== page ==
On March 27, 2017, Frantz Ward attorneys Jim Niehaus and Chris Koehler obtained a key summary judgment ruling in The Bellas Co.et al. v. Pabst Brewing Co.on behalf of Pabst Brewing Company. The decision continued the ongoing evolution of the ability of manufacturers to terminate distributors under Ohio’s Alcoholic Beverage Franchise Act, a statute that has yielded much litigation in the past ten years but is finally starting to see some clarity.
Shortly after all the stock of Pabst was sold in 2014, the new owners decided to consolidate Pabst’s Ohio distribution network, and terminated several of Pabst’s distributors under Franchise Act provisions that permit a “successor manufacturer” to terminate those relationships within 90 days of acquiring the brands. The distributors banded together to challenge the termination, claiming the transaction in which the new owners purchased the stock did not fit within the strict language of the statute, as applied, constituted an unconstitutional taking of the distributors’ contractual rights.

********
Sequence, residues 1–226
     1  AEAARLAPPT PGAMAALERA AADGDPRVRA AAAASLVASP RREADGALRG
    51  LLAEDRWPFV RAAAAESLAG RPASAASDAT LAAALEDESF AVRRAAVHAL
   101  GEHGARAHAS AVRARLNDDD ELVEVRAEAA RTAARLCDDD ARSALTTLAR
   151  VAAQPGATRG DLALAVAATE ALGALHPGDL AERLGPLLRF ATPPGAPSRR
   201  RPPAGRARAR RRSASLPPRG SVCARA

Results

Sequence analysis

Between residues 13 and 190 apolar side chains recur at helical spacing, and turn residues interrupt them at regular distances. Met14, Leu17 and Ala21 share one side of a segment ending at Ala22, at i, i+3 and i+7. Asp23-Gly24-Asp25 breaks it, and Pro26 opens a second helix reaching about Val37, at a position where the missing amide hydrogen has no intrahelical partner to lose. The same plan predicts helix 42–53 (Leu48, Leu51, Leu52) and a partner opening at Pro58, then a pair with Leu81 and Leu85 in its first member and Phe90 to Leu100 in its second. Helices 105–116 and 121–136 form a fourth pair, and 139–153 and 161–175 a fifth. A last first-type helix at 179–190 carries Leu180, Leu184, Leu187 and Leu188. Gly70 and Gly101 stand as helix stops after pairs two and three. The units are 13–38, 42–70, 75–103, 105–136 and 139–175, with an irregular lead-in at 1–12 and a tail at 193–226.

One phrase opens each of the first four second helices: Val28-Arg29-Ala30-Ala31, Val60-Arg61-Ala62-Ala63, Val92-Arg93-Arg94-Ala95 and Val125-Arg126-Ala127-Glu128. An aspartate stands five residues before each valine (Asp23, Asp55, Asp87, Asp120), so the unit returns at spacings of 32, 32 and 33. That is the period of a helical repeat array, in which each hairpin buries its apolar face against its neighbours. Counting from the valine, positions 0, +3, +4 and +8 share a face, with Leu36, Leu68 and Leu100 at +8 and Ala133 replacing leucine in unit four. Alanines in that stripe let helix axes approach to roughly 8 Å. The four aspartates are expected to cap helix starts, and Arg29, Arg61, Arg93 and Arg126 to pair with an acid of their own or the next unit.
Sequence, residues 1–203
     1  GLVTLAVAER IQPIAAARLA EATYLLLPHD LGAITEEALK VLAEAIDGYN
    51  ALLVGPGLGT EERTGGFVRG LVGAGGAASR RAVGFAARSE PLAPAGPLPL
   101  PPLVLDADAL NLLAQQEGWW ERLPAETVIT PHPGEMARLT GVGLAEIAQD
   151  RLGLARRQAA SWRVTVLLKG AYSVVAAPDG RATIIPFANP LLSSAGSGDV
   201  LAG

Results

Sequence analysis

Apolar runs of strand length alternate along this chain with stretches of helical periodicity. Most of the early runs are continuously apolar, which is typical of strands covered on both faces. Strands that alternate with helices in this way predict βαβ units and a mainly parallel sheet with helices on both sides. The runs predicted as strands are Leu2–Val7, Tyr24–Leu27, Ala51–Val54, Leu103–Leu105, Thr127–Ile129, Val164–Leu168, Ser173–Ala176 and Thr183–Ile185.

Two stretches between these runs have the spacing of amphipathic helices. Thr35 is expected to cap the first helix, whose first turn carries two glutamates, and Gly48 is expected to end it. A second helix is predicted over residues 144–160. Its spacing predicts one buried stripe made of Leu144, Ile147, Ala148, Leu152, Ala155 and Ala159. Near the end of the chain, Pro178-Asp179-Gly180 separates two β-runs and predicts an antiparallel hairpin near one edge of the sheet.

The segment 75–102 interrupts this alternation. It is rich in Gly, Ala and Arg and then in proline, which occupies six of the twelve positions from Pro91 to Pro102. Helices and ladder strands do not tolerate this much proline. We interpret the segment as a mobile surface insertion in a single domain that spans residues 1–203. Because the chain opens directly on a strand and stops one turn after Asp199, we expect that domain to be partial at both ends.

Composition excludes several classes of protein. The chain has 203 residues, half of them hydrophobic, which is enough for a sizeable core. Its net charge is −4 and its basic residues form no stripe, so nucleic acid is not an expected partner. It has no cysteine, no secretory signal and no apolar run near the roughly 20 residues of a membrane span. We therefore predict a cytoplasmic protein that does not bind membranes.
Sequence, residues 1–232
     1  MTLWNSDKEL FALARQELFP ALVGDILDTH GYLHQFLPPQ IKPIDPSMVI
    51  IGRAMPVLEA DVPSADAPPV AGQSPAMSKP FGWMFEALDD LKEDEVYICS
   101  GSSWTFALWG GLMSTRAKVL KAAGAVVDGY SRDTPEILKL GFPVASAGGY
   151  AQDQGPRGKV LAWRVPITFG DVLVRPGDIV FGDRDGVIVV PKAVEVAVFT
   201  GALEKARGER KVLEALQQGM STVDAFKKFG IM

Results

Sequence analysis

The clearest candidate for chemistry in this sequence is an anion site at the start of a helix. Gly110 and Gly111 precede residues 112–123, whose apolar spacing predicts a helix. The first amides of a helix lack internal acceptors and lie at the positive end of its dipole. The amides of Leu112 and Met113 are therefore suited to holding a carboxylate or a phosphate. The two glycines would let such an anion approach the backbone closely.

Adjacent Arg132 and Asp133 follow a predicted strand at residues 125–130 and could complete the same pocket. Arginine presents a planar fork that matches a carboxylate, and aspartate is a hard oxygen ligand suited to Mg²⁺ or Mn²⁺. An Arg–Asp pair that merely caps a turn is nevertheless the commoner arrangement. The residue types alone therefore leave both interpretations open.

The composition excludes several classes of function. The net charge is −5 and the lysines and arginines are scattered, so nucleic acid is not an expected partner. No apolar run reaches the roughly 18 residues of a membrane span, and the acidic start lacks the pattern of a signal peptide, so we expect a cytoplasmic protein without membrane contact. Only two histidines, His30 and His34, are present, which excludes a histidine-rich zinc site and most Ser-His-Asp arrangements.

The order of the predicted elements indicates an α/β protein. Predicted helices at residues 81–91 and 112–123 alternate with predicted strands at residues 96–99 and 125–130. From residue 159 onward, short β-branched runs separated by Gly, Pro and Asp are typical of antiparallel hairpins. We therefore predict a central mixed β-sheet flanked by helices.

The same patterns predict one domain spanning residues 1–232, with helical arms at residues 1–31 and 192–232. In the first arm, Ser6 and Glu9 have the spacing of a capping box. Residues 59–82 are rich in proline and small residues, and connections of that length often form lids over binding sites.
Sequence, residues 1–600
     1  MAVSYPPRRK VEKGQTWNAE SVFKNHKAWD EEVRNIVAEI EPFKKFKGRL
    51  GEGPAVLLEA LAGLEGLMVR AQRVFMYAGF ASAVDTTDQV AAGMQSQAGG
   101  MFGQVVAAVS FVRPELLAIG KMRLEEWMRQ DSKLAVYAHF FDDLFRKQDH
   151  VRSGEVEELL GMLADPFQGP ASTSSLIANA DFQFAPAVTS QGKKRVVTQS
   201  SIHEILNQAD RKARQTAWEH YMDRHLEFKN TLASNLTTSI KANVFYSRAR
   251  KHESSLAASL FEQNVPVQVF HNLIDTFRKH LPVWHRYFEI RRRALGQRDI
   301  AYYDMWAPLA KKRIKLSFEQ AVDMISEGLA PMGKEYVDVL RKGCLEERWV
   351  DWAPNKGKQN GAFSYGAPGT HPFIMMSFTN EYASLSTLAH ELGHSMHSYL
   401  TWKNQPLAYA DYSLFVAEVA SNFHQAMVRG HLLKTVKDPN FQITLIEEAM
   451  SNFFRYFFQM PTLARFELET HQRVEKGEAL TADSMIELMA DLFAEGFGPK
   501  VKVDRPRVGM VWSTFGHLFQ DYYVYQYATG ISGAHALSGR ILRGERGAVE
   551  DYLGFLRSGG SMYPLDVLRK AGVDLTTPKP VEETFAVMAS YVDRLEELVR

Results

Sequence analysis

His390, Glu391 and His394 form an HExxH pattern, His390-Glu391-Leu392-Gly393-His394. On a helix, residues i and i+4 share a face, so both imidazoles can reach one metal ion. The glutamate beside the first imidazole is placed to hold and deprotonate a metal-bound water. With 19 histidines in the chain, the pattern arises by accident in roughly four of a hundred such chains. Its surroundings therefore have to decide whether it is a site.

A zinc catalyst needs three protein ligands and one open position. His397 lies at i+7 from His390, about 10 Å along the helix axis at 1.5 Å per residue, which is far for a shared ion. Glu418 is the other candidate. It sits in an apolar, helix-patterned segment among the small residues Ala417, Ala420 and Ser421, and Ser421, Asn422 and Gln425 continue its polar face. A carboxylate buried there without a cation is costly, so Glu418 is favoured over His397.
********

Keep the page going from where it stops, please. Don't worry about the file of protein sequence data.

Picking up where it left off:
The U.S. District Court for the Southern District of Ohio dismissed the distributors’ claims, rejecting their efforts to apply the Franchise Act in an overly technical manner, and instead embraced the practical approach to interpretation of the Act that has gained momentum in recent years. It also rejected the distributors’ constitutional challenge to the Act.
See the full text of the court’s decision